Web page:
For companies looking for future opportunities, the gluten-free sector is among the fastest-growing segments in natural food and supplements and could remain a focus of M&A or IPO deal activity as the market grows. The gluten-free market continues to evolve from a niche sector for consumers diagnosed with celiac disease to a broader mainstream food category in the natural products industry.
Wall Street analysts estimate that the gluten-free category is growing at an approximate 20% annual rate and generated sales in excess of $1.5 billion in 2011. There is reason to think that gluten-free growth will only continue: less than 1% of the U.S. population is currently diagnosed with celiac disease, but many undiagnosed consumers are experiencing the health benefits of a gluten-free diet, which is leading to a jump in the diagnosis rate. Current gluten-free food offerings remain limited, creating an opportunity for well-positioned food producers and retailers.
One only needs to look at recent M&A activity in the gluten-free market to see that the category is showing teeth. In May, Smart Balance announced the acquisition of Udi’s Healthy Foods for $125 million in cash, or over 2x Udi’s TTM net sales. Udi’s is a fast-growing producer of gluten-free bread products. This transaction is transformational for Smart Balance, as it positions the company as a leader in gluten-free, accelerates the company’s growth rate, and further diversifies the company’s product mix toward high-growth natural brands.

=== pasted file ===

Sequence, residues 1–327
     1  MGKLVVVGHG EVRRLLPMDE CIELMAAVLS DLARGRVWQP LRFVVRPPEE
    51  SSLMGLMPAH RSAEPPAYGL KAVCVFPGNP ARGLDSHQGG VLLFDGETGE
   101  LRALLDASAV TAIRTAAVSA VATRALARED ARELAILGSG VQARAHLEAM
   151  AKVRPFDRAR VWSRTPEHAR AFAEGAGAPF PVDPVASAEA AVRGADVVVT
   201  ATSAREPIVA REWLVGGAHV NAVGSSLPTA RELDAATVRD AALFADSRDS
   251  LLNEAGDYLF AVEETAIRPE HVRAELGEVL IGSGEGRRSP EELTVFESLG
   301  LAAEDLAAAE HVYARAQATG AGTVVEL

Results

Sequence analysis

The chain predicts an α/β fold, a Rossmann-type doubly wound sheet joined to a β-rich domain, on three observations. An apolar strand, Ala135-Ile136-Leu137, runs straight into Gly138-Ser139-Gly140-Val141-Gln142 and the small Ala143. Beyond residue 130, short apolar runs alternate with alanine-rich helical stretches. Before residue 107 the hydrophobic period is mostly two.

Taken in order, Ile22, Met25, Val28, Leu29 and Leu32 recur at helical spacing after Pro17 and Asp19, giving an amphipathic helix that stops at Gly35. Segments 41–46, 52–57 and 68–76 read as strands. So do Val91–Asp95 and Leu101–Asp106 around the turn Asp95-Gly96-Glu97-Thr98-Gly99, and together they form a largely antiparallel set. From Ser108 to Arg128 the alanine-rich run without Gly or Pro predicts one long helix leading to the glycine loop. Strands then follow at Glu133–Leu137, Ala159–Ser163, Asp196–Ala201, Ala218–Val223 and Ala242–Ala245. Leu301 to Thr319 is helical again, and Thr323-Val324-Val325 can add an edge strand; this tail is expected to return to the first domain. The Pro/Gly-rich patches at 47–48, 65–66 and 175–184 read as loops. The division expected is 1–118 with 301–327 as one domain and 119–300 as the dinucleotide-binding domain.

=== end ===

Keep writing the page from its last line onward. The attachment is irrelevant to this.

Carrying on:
Potential sellers in all areas of food, beverage, and supplements hope larger companies aim to acquire the next round of fast-growing, all-natural snack, organic food, and nutritional supplement companies. Also, the success of Annie’s IPO could inspire some larger, private, natural product companies to go public themselves as a way to maximize the value of their companies, rather than seek larger corporate buyers. Without a doubt, sellers have taken note of the valuation Annie’s has achieved and how quickly that valuation grew. It’s a constant reference point in discussions with prospective investors and buyers as a means of indicating the potential value natural brands now hold.